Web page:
Akane Flies the Coop

Akane is a parrot of many moods and they vary widely from day to day.  Sometimes she seems like she’s happy to see me.  I come in and pass her cage and she emits this little high pitched “CHIRP!” sound.  If I come over, she wiggles back and forth on her branch and rings a bell.  On the best days, she will bend her head down against the bars of the cage and allow me to rub the back of her neck against the grain of her feathers. 

On other days, she squats low on her perch and eyes me suspiciously.  If I so much as look in her direction, she fluffs out and looks like an exceedingly angry feather duster.  I made the mistake of trying to pet her once on a day like that.  She had smoothed down and walked up to me.  Her head was bent over.  I stuck my finger in between the bars and she clamped down on it – hard.  Ever catch your finger in a set of garden pruners?

“Ow!” I cried.

“Ow,” repeated Akane.  I think she has more good days than bad.  She’s been living with us a couple of months now and seems to be settling in.  Still, I’ve learned I have to be careful or bad things will happen when my guard is down. 

Akane doesn’t like to leave her cage.  When I’m downstairs watching television, I open up her cage door.  Sometimes she will poke her head out – to see if the coast is clear – then climb up to the top of the cage and flap her wings for a few minutes.  A lot of times she won’t even do that.  After a couple of weeks of opening the door so she could exercise, I got a little careless.  I left the cage door open when I went upstairs.  I don’t think I was up there very long.  I came back down after a bit to refill my Diet Pepsi and was surprised to see an empty cage.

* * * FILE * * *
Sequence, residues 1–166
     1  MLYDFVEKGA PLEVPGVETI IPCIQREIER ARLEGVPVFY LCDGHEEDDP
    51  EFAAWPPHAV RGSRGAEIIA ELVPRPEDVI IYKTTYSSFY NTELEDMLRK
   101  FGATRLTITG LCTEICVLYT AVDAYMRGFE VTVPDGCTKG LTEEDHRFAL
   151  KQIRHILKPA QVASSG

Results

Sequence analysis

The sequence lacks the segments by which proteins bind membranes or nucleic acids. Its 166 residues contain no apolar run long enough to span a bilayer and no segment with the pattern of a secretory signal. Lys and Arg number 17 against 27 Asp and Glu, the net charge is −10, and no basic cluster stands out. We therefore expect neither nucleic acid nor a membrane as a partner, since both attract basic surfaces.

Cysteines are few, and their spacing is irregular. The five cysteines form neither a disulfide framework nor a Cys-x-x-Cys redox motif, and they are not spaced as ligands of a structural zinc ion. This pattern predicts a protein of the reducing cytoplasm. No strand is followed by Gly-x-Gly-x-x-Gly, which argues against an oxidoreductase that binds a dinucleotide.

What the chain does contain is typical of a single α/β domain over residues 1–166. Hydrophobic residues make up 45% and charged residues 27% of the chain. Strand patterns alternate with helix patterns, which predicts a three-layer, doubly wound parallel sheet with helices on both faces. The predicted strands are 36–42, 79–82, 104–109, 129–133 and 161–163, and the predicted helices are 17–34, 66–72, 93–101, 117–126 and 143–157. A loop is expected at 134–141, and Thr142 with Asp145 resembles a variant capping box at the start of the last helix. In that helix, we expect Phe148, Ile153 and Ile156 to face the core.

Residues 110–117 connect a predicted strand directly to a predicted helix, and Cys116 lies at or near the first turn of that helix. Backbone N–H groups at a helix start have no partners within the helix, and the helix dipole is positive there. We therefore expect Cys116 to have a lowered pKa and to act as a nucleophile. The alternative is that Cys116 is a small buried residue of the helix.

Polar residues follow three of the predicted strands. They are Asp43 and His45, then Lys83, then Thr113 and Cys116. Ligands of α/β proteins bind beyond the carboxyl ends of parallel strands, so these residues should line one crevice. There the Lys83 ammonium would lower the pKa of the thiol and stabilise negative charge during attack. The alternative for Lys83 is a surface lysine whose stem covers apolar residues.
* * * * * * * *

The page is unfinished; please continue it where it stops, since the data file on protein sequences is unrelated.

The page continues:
I treaded gingerly into the family room and checked the obvious places: the tall plant in the corner, the curtain rods.  I made sure I didn’t accidentally sit on her on the couch.  I tiptoed into the kitchen, whistling.  I don’t know why; even my dogs never came when I whistled.  After a few anxious moments, I called Meka down to help.  We searched the downstairs and finally found Akane by the coat rack.  She poked her head out of my coat sleeve when Meka called her to “step up”.  I’m not exactly sure why she was hiding in my coat.  Maybe Daniel had been watching a magic show on television.  There was much clucking as Meka took the bird in both hands and placed her back into the cage and shut the door.  Escape attempt number one: busted.


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